Concerns about climate and the environment have climbed significantly on the agenda of German companies over the last year, according to a survey of 400 businesses conducted by consultancy EY and the Wuppertal Institute for Climate, Environment and Energy.
The number of companies calling climate change and environmental damage one of Europe’s largest challenges has almost tripled since last year to 27%, newspaper Die Welt reports. Wuppertal Institute head Manfred Fischedick said the shift among companies had been “remarkable”, with climate change and measures to abate it having become “a key playing field for companies” that hope to make a viable business model out of emissions reduction and other measures included in the European Green Deal.
65% of Germans have a fundamentally positive attitude towards biofuels. That was the outcome of a representative survey conducted by the Kantar market Research Institute on behalf of the biofuels industry. Provided that production is sustainable and that greenhouse gases are cut by at least 60% compared with mineral oil, almost 70% of respondents would use biofuels in their vehicles. 43% of survey participants expect biofuels to become increasingly significant in combatting climate change.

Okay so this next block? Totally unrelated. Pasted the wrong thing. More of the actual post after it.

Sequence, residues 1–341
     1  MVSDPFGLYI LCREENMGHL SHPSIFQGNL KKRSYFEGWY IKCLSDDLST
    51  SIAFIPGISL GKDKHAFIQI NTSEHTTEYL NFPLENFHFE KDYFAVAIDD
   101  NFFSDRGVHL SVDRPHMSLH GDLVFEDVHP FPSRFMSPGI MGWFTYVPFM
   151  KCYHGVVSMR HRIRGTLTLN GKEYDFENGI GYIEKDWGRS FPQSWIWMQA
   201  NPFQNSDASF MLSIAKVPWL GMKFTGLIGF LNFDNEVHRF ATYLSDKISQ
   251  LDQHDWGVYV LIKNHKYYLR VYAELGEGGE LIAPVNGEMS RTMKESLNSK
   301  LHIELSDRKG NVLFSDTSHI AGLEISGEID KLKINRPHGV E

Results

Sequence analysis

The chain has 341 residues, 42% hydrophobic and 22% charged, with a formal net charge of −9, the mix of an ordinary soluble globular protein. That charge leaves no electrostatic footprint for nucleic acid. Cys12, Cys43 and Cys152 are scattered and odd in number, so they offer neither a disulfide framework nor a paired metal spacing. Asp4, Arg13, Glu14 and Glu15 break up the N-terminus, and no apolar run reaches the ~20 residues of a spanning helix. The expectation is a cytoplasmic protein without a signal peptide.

70% of all respondents, and even half of those with a sceptical stance, would fill up with biofuels provided these are certified as sustainable and guaranteed to reduce greenhouse gases by at least 60%.
However, this week, The European Central Bank has no democratic mandate to play a direct role in fighting climate change and greater activism could risk undermining its independence, German Bundesbank President Jens Weidmann said.
With climate change posing a growing risk to the global economy, policymakers are debating what role central banks should play in tackling it. ECB President Christine Lagarde has long advocated greater activism, calling it “mission critical”.
But Weidmann, a conservative policymaker who is often at odds with mainstream views in the ECB’s Governing Council, made the case for only a limited role.
“An active role in climate policy — or other fields of politics — could undermine our independence and, ultimately, jeopardise our ability to maintain price stability,” Weidmann said in a speech. “Central bank independence is an obligation to stay focused on our primary objective.”
Lagarde has argued that the ECB’s secondary mandate, a vaguely worded clause in the EU Treaty that requires the bank to support the general economic policies of the bloc, gives it the necessary powers. Weidmann, however, said climate change is a political issue and not a job for unelected bureaucrats.
- Climate action surging on German companies’ agendas as EU Green Deal splits opinions, 2020-11-04
- Germans Want More Biofuels in their Vehicles, Bundesverband der deutschen Bioethanolwirtschaft e.V.
- ECB has no mandate for direct role in climate change fight: Weidmann, KFGO, 2020-11-20